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The Tampico-Misantla Basin, Mexico: New Neogene Deepwater Plays in a Mature Basin


Bartolini, Claudio, IHS Energy, Houston, TX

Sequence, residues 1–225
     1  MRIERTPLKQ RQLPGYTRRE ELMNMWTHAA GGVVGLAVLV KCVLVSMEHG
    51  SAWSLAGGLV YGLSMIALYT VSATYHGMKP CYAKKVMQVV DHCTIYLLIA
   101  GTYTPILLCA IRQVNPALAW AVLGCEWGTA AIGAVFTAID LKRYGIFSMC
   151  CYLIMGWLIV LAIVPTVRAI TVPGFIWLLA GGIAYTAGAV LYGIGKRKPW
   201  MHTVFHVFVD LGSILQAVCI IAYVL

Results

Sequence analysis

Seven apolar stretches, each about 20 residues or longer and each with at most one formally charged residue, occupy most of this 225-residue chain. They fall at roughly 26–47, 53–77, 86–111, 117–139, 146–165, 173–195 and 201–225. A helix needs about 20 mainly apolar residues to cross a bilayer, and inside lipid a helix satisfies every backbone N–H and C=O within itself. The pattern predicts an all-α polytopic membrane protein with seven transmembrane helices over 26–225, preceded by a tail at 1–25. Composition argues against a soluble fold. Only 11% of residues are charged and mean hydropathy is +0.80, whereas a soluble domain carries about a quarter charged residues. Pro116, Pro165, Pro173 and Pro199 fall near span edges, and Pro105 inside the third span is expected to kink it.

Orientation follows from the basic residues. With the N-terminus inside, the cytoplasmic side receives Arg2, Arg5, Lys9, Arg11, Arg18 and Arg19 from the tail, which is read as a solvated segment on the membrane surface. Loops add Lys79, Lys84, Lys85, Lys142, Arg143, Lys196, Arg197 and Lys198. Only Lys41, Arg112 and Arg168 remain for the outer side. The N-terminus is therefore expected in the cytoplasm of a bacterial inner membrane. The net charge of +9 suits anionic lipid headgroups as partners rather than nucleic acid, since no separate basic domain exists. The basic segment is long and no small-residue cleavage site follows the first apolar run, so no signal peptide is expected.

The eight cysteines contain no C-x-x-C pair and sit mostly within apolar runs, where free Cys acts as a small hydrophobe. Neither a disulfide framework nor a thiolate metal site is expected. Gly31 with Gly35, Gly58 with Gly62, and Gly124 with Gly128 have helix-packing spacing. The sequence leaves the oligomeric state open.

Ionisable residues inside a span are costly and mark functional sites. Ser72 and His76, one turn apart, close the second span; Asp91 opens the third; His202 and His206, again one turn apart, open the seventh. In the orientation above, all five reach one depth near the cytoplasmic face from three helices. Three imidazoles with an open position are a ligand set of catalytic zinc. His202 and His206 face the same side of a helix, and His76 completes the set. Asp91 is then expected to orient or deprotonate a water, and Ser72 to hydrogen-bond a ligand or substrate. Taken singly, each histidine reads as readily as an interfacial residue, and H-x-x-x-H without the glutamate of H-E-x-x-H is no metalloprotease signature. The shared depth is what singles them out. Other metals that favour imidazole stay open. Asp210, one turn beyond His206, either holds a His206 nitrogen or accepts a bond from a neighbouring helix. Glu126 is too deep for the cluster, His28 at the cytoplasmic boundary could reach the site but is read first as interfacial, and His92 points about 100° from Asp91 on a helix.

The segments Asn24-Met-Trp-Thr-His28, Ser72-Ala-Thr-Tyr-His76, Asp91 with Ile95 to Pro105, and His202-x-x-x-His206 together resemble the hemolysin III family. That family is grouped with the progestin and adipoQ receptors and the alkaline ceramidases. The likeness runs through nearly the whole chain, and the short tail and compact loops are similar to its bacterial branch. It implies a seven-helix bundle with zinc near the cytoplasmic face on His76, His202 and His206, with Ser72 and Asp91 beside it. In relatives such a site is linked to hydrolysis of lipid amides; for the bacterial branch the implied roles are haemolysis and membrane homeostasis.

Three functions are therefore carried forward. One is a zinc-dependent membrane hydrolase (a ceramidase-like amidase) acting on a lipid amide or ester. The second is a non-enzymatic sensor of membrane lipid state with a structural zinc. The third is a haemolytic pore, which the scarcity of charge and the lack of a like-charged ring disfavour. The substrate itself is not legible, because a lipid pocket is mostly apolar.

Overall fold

The Tampico-Misantla Basin is located in eastern Mexico, between latitudes 20° and 25° North and longitudes 96º30’ and 99º West. The basin lies along the central region of the Gulf of Mexico, and it is bounded by the Sierra Madre Oriental fold-and-thrust belt to the west, by the Jalapa uplift to the south, and by the Burgos Basin to the north. The Tampico-Misantla is a mature basin which has produced more than 2Bbo, primarily from the Golden Lane (Tuxpan Platform) sub-province, and more particularly from the Tamabra play, which accounts for approximately 68% of the basin’s oil production. Secondary hydrocarbons pro­duction come from onshore fields in the Chicontepec and Magiscatzin sub-basins, and from the offshore San Andres/Lobina fields. New efforts by Pemex to re-assess the petroleum potential of the basin made possible the discovery of Lankahuasa gas accumulation in 2002, the first known offshore non-associated gas discovery in Miocene turbidite sandstones deposited in canyon fills and submarine fans settings. Also, recent 3D and 2D seismic inter­pretation of the Faja de Oro, Sardina, Cañonero, and Nayade blocks in the offshore Laguna Madre-Tuxpan continental shelf area, has permitted the definition of a number of potential plays associated with episodes of lowstand-derived submarine canyon and basin-floor fan development, where major volumes of siliclastic sediment were supplied to the basin floor. Production from new Neogene deepwater plays will rejuvenate the basin and enhance pro­duction of a 57,920 km2 area.